For nearly a century, Turkish government officials and Erdogan nationalists have been overwhelmed by “Sevres syndrome” — a nationalist paranoia that ethnic Kurds, inspired by miscalculated borders and ethnic nationalism, would pursue separatism. The short-lived Treaty of Sevres and the central powers that signed the agreement laid the foundation for future treaties, such as the Sykes-Picot Agreement and the Treaty of Lausanne, to determine the fate of the regional order. Yet, unlike Sykes-Picot’s British and French zones of imperial ‘influence’, Sevres was much more self-deterministic; the treaty’s Section III, Articles 62-64, offered ethnic Kurds to conduct a referendum to chart their own course as a nation.
In 2017, the Kurdish nation is fragmented across Turkish, Syrian, and Iraqi state lines. While the Kurds have created a transnational identity, their statehood objectives differ across Syrian, Iraqi, and Turkish governmental constraints. A year ago I remarked how a unified Kurdistan in the Levant was nearly impossible — how the Syrian, Iraqi, and Turkish identities intercepted any uniform statehood strategy among the Kurds, and in many ways, complicated the chances for Iraqi independence. This is a truth that still stands. A year ago, Kurdish statehood, of any kind, was a near-impossible phenomenon — even with international recognition, thriving oil exports, and an Islamic State exterminated from Northern Iraq. Kurdistan’s geopolitical position— straddled between the crossfire of Syria’s civil war, Iraq’s battle against Daesh, and Turkey’s illiberal presidential republic — seemed too costly to pursue separatism.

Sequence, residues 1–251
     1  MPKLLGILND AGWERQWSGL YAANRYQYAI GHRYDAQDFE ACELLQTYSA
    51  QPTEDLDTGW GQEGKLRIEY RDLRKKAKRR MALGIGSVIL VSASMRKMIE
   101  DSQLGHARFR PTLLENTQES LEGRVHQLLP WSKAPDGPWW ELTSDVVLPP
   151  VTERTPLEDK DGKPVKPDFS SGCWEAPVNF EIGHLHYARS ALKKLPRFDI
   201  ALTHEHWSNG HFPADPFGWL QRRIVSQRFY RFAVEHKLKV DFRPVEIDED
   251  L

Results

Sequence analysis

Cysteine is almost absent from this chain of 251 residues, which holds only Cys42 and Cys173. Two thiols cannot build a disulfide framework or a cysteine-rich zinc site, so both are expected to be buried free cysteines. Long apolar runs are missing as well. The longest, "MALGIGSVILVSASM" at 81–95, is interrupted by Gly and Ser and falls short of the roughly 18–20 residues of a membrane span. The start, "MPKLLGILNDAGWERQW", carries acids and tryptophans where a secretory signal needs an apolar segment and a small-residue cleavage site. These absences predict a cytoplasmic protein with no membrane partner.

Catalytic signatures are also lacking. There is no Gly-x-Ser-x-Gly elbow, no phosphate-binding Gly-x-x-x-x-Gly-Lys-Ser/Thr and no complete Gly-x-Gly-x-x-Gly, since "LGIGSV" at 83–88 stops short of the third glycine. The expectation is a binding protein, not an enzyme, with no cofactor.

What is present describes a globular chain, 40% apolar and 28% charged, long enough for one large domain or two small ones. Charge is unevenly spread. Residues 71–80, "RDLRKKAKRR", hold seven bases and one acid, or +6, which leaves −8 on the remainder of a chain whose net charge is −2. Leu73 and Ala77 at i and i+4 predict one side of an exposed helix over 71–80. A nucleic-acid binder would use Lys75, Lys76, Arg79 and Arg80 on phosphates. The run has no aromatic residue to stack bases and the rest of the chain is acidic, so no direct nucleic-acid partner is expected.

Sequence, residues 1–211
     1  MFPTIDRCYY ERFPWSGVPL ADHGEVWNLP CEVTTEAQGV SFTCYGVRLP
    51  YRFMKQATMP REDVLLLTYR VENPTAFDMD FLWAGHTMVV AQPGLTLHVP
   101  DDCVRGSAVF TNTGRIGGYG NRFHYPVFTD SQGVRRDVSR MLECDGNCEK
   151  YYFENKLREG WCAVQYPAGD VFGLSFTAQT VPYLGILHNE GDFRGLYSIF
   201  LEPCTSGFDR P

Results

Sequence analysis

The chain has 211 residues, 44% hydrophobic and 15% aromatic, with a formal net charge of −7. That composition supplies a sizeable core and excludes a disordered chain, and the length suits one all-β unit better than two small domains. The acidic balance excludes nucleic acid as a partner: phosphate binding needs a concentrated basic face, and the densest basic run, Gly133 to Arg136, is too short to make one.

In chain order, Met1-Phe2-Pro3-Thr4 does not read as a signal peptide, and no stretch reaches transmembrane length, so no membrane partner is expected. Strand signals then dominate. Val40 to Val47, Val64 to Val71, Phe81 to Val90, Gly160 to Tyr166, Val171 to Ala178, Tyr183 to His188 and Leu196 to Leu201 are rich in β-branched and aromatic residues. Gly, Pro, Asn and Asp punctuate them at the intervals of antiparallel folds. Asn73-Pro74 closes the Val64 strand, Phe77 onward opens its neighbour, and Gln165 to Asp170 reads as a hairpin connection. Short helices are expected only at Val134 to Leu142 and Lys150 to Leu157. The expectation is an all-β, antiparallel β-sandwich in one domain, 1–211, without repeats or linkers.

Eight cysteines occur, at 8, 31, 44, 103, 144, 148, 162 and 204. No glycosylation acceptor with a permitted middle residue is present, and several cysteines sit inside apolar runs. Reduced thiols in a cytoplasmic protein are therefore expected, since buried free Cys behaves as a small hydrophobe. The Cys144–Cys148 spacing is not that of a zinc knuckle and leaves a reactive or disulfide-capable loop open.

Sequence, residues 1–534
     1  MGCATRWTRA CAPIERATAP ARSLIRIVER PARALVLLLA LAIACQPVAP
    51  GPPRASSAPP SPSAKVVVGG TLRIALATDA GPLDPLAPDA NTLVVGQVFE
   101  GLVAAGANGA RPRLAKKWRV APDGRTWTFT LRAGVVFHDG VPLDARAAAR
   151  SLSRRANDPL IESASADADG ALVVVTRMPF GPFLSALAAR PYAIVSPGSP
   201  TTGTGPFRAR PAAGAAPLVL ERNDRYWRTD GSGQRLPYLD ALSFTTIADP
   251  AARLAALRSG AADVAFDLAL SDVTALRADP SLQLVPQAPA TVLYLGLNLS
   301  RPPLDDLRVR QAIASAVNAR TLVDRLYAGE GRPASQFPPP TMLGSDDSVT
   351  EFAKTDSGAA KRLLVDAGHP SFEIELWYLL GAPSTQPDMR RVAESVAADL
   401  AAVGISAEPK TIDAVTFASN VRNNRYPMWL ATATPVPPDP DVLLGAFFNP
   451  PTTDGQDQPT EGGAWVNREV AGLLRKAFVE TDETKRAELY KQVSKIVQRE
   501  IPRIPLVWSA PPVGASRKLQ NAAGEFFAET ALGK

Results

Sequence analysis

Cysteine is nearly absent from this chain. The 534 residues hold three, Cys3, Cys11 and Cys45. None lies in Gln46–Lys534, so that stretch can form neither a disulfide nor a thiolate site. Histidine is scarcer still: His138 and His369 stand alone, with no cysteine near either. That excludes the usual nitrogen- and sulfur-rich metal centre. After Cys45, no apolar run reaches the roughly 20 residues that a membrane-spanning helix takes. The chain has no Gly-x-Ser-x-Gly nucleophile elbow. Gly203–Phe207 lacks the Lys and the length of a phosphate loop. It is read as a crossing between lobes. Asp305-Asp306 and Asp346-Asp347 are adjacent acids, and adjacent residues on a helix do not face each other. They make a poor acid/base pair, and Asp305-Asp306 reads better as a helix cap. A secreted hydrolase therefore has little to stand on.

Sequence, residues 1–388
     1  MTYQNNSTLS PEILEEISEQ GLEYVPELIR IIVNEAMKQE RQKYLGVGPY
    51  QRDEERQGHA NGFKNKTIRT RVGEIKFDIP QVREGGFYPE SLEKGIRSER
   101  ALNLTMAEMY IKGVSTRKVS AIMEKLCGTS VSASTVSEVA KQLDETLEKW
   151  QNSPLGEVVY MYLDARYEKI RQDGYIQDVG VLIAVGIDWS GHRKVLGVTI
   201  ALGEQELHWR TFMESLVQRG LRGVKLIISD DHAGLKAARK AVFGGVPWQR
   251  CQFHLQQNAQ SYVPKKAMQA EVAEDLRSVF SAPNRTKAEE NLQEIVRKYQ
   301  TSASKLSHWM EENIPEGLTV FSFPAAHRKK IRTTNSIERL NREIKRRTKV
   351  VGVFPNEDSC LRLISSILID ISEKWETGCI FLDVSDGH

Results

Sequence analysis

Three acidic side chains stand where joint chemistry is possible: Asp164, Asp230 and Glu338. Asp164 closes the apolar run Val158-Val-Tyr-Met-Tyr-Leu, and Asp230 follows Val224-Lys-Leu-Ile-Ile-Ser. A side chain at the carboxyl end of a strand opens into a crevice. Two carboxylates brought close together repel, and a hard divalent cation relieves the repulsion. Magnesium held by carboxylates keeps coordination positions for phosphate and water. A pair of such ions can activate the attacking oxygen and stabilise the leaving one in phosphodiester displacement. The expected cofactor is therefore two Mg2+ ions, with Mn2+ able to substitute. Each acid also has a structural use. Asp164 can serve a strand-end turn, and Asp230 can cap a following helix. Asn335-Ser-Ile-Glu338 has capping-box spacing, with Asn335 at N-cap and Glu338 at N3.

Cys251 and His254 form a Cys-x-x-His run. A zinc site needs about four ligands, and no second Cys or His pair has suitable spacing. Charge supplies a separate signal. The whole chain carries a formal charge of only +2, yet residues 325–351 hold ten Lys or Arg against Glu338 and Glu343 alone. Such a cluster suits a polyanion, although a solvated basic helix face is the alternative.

The Kurdish President Masoud Barzani shocked the international community when he announced Iraqi Kurdistan would conduct an independence referendum on September 25, 2017. The announcement was met with rhetorical caution, derision, and even interventionist threats from Kurdish neighbors, Turkey, Iraq, and Syria, while the United States encouraged a delay so that war-torn Iraq would first be unified. Even though the referendum was non-binding and implicated no blueprint for negotiations, the international community perceived statehood as Barzani’s absolute objective. This is not the case; President Barzani recognizes Kurdistan’s internal setbacks and has crafted the referendum to achieve autonomy within the Iraqi government, not secession. Even if the Kurdish Regional Government (KRG) can achieve greater leverage with the Iraqi government, the referendum has caused a schism in Kurdish theaters of trade, politics, and civil society. The very act of conducting the referendum has resurfaced many tensions, inequities, and setbacks that the Kurdish nation must face before pursuing concrete separatism.